We can easily write Python code in Mu. The default is to write Python 3 code, to be run on our machine. This is where the ease of Mu works against it, as there is no means to install Python modules. Modules are libraries of code that can be used to add new features, for example RPi.GPIO and GPIO Zero are modules that enable Python to talk to the Raspberry Pi GPIO.
If you are starting out with Python, Mu is an excellent choice to introduce the language.
Mu has one feature that elevates it above other beginner editors. Mu has a “Mode” button which can be used to write Python, MicroPython and CircuitPython.
2. Select the Mode from the list. Mu comes with a plethora of modes. We can write Python 3, make games using PyGame Zero or build websites/apps using Flask. Write MicroPython for the Raspberry Pi Pico, micro:bit. ESP, Pyboard and Lego Spike. Or we can use Adafruit’s CircuitPython to create physical computing projects.
Connecting a Raspberry Pi Pico, MicroPython or CircuitPython board will trigger Mu to ask if we would like to change the mode to match the board. To demonstrate this we’ll write a short project to blink the Pcio’s onboard LED.
To follow this part of the how to you will need a Raspberry Pi Pico.
1. With Mu open, connect a Raspberry Pi Pico to your computer.
2. Using the pop-up, change the mode for the Raspberry Pi Pico (RP2040).
3. The Mu editor is now in RP2040 mode, so click on REPL to open the MicroPython shell (REPL) on the Pico.
4. In the editor import two modules, first to enable access to the GPIO, the second to add pauses to the code.
import machine from time import sleep
5. Create an object, led and use it to set the onboard LED as an output. For the Raspberry Pi Pico W use the line of code with ‘LED’, for the original Pico use the line of code with 25. The Pico has the LED connected to GPIO 25, but the Pico W does not.
Raspberry Pi Pico W
led = machine.Pin('LED', machine.Pin.OUT)
Raspberry Pi Pico
led = machine.Pin(25, machine.Pin.OUT)
6. Create a for loop that iterates 10 times, each time the loop runs it will toggle the LED on / off, print a message to the REPL and sleep for 0.1 seconds.
for i in range(10): led.toggle() print("BLINK") sleep(0.1)
7. Click Save and save the file as blink.py to your computer.
8. Click Run to start the code on the Pico. The LED on the Pico will blink on and off and the REPL will show the “BLINK” message.
Intermediate Python with Notepad++
You know your stuff, and you need a lightweight editor to get your Python code done. Sure you can install Visual Studio Code, PyCharm etc. But if you just need to edit a few project files, Notepad++ is for you. Notepad++ is a Swiss Army Knife of an editor, and it works exceptionally well with Python. Here we will install Notepad++ and set it up to run our Python code at the press of a button.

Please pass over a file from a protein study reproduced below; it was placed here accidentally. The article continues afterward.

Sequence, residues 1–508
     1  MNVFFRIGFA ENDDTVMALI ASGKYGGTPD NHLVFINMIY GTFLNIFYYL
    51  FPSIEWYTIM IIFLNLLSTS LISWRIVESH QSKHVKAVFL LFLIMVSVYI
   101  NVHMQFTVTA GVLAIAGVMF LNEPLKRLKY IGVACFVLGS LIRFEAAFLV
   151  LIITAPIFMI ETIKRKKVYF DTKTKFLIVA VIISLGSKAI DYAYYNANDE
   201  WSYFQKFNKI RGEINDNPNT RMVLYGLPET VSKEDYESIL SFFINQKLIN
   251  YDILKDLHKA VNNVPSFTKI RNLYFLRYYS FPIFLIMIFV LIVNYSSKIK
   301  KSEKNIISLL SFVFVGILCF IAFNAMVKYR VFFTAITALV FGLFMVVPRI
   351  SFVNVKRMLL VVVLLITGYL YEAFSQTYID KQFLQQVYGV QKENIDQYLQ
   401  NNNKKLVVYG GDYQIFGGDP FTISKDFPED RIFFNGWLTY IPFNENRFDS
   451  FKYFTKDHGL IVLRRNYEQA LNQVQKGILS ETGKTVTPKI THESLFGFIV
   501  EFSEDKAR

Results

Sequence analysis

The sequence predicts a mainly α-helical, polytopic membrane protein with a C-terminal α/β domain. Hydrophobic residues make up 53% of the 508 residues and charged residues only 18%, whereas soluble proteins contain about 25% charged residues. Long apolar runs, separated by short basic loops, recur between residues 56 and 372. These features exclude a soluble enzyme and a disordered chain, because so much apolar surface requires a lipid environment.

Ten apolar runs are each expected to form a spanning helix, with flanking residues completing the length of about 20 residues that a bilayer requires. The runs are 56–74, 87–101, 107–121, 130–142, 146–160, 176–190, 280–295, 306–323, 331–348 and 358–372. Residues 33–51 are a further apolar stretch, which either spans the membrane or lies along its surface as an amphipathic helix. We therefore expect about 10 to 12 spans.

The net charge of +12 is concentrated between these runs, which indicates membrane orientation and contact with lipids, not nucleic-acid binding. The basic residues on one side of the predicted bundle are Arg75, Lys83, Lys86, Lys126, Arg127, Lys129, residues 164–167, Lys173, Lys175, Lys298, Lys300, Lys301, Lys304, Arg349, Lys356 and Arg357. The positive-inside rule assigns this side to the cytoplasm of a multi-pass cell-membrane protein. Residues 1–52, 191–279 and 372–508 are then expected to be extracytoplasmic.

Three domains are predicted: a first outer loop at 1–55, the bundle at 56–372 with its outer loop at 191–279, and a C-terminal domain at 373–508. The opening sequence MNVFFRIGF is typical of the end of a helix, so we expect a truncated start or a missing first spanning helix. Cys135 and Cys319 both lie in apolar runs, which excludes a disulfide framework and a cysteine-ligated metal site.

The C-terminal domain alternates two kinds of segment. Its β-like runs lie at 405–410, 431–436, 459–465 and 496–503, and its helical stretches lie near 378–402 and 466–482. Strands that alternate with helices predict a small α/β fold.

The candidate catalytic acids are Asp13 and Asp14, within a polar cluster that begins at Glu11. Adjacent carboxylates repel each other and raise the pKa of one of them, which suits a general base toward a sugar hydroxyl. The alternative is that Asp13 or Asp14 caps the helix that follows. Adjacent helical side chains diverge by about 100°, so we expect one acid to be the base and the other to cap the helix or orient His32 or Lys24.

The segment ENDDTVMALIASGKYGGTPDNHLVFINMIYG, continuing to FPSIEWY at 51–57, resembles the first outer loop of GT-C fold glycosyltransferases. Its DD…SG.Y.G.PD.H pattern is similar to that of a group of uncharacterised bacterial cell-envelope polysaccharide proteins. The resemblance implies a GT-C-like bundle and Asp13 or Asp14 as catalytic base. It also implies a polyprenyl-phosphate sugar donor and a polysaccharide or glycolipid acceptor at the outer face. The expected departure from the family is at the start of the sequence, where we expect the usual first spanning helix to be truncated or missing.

Note that you will need to install the Python 3 interpreter, the steps for which are at the start of this how to.
1. Open a browser to the Notepad++ website and download the latest Windows installer.
2. In the your Downloads folder, double click on the file to start the installer.
3. Set your preferred language and click OK.
4. Select Next.
5. Select “I Agree”.
6. Click Next.
7. Click Next.
8. Click Install to begin the process.
9. Check “Run Notepad++” and click Finish to end the installation and open Notepad++.
The Notepad++ Interface
Notepad++ has a more involved user interface than Mu, and this reflects the flexibility of the editor. Notepad++ is much more than a Python editor, we can use it to write PHP, Perl, JSON etc.
- Menus. Here we can load projects, save, create macros and install plugins for specific languages.
- Editor. The code for our project is created here.
- Workspace. If we are working on a large project with multiple project files, we can load the folder as a workspace and have quick access to the files.
Running Python code in Notepad++
1. Create a simple Python project that uses a for loop to print a message to the Python shell.
for i in range(10): print("Writing Python in Notepad++")
2. Save the code as for_loop.py.
3. Click on Run >> Run..
4. Click on … and navigate to the Python executable file. Select the file and the path will be added to the dialog box. At the end of the path, add -i "$(FULL_CURRENT_PATH)" to force Notepad++ to open the file. Click Save.
Example path to Python C:\Users\LattePanda\AppData\Local\Programs\Python\Python310\python.exe -i "$(FULL_CURRENT_PATH)"
5. Create a shortcut called Python3.10 to launch the Python interpreter then click OK. We chose ALT + SHIFT + P as it didn’t conflict with other shortcuts on our system.
6. Use your shortcut to run the Python code.